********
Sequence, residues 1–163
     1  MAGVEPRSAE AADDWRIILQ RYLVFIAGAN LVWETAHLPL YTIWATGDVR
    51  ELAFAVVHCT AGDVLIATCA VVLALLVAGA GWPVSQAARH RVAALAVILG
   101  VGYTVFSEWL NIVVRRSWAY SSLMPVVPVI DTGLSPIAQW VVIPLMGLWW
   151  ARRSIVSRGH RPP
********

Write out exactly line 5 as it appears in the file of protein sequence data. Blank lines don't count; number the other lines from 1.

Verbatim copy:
   151  ARRSIVSRGH RPP